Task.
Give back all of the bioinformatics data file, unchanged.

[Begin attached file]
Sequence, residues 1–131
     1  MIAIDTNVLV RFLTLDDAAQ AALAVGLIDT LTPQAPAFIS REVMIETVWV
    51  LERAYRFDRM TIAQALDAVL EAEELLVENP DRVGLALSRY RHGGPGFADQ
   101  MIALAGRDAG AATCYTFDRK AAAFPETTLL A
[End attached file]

Sequence, residues 1–131
     1  MIAIDTNVLV RFLTLDDAAQ AALAVGLIDT LTPQAPAFIS REVMIETVWV
    51  LERAYRFDRM TIAQALDAVL EAEELLVENP DRVGLALSRY RHGGPGFADQ
   101  MIALAGRDAG AATCYTFDRK AAAFPETTLL A